Krista Yarberry of Girls Athletic Leadership School told the charter school board they did not receive a single application for enrollment during the statewide shutdown: “Families had other priorities.”
She later added, “I know they want this. They need this. … They’re just in crisis mode.”
Late enrollment is common, added Yarberry, referencing her time at a CCSD elementary school.
Explore Academy Principal Gretchen Larsen said interest in their school was picking up again after slowing down during the shutdown. The school has set a goal to enroll 100 students by the end of June. If it doesn’t, the school’s board of directors may decide to delay opening for a year.
“We believe we’re on track,” added Larsen.
Charter school board member Sheila Moulton expressed optimism that the slowdown would be temporary.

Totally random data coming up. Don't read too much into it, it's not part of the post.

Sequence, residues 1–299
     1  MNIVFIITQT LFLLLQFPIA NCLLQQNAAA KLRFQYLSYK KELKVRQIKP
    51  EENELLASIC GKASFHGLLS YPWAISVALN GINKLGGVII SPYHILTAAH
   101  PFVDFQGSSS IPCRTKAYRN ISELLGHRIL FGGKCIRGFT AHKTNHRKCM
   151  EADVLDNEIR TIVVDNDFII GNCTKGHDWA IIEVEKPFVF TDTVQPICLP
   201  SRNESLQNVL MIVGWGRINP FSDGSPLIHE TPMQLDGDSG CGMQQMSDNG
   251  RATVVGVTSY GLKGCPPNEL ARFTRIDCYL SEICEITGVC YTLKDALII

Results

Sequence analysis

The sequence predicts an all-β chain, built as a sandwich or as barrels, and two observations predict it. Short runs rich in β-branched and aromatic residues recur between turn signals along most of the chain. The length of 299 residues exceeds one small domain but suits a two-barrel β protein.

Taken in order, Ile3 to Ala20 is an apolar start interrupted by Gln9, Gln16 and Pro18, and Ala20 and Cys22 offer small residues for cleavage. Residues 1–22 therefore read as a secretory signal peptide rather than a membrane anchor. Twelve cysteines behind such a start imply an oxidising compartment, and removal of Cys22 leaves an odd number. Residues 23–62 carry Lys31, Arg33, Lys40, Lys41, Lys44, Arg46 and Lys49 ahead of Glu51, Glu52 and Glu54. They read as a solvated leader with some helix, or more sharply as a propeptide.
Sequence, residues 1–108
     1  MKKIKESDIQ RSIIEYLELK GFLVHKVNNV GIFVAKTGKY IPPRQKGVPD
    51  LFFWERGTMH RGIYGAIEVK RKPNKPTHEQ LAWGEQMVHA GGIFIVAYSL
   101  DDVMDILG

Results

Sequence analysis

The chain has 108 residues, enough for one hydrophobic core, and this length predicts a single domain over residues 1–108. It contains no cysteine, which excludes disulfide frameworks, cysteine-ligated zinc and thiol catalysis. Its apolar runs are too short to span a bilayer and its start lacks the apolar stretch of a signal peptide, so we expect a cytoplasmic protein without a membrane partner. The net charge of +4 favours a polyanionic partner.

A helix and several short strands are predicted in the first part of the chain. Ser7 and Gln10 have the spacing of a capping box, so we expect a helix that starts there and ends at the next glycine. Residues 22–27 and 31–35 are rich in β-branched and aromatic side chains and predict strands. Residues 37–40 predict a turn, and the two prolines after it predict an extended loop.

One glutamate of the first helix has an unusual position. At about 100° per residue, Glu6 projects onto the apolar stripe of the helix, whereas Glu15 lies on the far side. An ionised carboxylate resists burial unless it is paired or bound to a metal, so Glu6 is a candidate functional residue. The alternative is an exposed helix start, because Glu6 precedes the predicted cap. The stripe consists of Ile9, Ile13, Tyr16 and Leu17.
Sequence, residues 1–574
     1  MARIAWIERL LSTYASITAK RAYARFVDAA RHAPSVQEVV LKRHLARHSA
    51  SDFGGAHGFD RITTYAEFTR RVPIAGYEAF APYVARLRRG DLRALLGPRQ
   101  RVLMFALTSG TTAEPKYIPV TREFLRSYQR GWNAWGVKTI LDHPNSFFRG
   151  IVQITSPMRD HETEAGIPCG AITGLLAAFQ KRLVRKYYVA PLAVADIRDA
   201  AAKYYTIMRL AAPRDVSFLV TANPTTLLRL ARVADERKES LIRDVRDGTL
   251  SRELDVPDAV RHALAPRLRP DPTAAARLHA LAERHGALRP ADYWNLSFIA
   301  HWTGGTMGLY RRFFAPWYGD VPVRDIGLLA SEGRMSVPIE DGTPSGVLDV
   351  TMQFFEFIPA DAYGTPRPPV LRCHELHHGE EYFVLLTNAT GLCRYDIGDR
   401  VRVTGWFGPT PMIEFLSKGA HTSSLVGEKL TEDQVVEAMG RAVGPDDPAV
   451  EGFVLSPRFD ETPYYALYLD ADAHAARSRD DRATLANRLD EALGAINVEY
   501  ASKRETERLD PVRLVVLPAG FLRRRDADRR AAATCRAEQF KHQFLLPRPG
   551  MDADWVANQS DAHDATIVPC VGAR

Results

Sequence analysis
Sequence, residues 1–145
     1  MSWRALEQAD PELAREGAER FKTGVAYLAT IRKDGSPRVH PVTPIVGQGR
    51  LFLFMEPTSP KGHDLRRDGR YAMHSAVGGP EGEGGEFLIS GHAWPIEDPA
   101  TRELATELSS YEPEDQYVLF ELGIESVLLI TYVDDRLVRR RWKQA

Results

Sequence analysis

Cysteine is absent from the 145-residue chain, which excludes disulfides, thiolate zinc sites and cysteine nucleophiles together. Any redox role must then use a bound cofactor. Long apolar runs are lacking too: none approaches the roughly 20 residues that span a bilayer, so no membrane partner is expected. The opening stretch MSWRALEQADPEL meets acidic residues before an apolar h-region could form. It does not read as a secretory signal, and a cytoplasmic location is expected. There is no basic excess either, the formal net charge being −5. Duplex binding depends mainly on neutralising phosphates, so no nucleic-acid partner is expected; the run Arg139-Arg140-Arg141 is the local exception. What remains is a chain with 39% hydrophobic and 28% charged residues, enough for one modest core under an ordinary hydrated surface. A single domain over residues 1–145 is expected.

“People have taken a hiatus,” she said after hearing about GALS current enrollment situation. “I think June is key for charters and their enrollment. Parents have had enough of schooling their kids. They want a quality school. Possibly they want one with technology, online and in the classroom.”
The coronavirus pandemic may also affect the opening of charter schools beyond the upcoming 2020-21 academic year. Charter School Authority Director of Authorizing Mark Modrcin told the charter school board that 13 letters of intent to open a charter school had been submitted by March 15 — the deadline for the next cycle of approvals.
“A lot has changed since March 15, 2020,” said Modrcin, adding that “a few” announced their plans to withdraw their application and open at a later date. More details on those proposed charter schools is expected at the charter school board’s June meeting.